The year 2020 is finally history. Along with a worldwide pandemic, the year also brought another wave of national hysteria around sports trading cards. It was something the hobby had not seen since the early 1990’s.
The “junk wax era,” as it’s become known, brought about massive production to the point cards could be found just about any business from barber shops to grocery stores to gas stations.
It’s a little different this time around and it’s become difficult to find trading cards in retail outlets such as Target and Wal-Mart. Demand is certainly exceeding supply unlike the early 1990’s when supply was rampant and demand would eventually dwindle.
The demand for hot products such as Panini’s Prizm football, or anything basketball has led some stores to limit quantities. Locally, in Madison, Wisconsin, I have counter upwards of 20 people waiting for the card vendor on stock day at Target.
Should stores limit quantities? It’s an interesting question and at the beginning of 2020 it seemed most collectors in the hobby were against the idea of limiting quantity for trading cards. The Twitter account, @cardpolls, asked that very question in March 2020.
Surprising results in hindsight. That Twitter account decided to revisit the topic at the end of the year to test collectors.
What a difference nine months make in the hobby. It’s a hot topic to debate. Some want free reign to products. Others want the ability to buy a box or pack to rip something.
One Target store in Madison has taken some interesting steps to make it a level playing field for collectors looking for cards. On a random trip to a store the week of New Years, I noticed the card area was roped off with a couple security guards nearby. Disclosure: this particular Target is very busy and is the closest retail store to the University of Wisconsin. Security is always on duty, so this was not a special occasion to monitor baseball cards.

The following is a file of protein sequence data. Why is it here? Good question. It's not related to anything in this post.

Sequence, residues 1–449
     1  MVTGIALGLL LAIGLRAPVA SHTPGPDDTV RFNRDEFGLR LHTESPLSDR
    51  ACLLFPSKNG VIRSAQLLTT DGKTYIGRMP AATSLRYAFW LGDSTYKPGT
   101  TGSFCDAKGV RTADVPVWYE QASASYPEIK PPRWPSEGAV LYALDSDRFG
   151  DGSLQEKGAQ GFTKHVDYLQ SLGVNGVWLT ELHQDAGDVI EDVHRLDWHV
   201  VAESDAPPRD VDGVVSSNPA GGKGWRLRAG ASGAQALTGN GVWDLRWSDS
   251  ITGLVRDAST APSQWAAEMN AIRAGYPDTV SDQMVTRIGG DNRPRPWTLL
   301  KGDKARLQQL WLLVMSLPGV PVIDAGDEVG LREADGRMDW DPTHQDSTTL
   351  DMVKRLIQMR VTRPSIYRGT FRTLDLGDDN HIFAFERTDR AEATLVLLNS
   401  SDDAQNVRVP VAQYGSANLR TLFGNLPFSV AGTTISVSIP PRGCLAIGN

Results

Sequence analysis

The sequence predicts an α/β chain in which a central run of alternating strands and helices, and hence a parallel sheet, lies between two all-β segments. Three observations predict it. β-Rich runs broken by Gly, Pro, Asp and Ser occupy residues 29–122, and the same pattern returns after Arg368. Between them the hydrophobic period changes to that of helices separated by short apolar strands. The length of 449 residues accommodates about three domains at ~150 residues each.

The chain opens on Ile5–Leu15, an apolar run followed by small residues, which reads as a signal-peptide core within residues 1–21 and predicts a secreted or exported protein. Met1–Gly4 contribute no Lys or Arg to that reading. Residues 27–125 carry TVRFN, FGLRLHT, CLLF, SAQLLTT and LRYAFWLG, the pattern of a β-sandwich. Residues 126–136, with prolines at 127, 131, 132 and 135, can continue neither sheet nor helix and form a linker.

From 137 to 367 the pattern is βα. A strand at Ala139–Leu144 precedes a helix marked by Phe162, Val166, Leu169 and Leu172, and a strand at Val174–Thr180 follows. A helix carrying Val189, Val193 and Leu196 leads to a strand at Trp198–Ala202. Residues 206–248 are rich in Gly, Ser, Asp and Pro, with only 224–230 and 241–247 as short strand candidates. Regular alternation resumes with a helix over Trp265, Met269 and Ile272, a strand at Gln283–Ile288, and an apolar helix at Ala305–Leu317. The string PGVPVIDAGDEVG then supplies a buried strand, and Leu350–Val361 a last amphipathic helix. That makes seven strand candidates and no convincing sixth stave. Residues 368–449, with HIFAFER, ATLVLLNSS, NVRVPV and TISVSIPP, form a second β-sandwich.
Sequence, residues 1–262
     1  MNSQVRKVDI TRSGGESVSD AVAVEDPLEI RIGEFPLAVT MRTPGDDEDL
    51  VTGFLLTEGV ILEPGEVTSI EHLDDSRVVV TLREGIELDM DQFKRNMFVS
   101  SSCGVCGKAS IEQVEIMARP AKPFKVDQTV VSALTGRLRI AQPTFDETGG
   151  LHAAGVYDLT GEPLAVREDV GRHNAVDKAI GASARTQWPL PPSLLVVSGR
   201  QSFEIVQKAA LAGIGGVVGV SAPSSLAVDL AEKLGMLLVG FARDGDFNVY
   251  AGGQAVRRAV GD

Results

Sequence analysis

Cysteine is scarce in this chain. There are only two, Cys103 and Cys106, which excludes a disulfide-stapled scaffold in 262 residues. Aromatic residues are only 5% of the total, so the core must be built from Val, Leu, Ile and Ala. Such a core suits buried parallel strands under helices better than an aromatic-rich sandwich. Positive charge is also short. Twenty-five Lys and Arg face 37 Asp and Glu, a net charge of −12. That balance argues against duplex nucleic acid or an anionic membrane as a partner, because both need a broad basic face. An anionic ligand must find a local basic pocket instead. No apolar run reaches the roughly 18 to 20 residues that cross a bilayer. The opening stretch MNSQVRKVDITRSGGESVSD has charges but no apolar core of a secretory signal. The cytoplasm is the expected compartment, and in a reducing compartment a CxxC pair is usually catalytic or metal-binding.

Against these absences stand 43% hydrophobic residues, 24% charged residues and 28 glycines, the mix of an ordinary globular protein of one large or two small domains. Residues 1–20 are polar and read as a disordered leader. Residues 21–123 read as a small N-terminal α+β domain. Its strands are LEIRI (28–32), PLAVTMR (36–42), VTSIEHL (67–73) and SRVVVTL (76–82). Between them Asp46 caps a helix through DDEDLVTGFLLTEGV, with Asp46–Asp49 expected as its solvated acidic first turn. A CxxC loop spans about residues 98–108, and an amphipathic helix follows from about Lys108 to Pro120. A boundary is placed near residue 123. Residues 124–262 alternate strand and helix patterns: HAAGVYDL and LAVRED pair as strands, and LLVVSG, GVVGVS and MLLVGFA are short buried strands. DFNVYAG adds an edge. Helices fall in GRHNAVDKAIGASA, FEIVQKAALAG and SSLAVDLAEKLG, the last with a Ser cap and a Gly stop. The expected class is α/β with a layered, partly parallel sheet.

As I approached the card section I asked if the vendor was stocking. One security guard holding an iPad said, yes, and explained the procedure. Those wanting a chance to purchase cards checked in by providing their name and phone number. Then they would be put in line and once the card section was fully stocked those customers would receive a text message in the order they checked in.
That is the initial text message I received. We were not allowed to loiter near the cards, so everyone did other shopping or browsed electronics, toys, etc. About 45 minutes later I was alerted that it was my turn in line.
You walk up to the employee that checked you in standing near the cards and were allowed one box or pack per product. The only thing I saw on the shelf was Panini Prizm Draft Picks baseball. It wasn’t something I was interested in buying, but grabbed a pack and blaster since I waited this long.
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As I turned to walk away, the employee said there are also cards in this box. That is where the good stuff was. I was able to get the last blaster of NBA Hoops and even a pack of Prizm Football.
Personally, I am for this practice. If they didn’t limit quantities I would not have had any cards to rip, and that is likely the case for many others. What are your thoughts? Do you think all Target and Wal-Mart stores should limit quantities on trading cards?
UPDATE (5/13/21): Target pauses sports card sales